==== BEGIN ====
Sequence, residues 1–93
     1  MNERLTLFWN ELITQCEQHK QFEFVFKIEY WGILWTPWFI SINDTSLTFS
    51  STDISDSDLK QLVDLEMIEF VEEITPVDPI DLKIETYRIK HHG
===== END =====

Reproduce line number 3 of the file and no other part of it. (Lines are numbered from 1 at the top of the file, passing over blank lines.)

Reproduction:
    51  STDISDSDLK QLVDLEMIEF VEEITPVDPI DLKIETYRIK HHG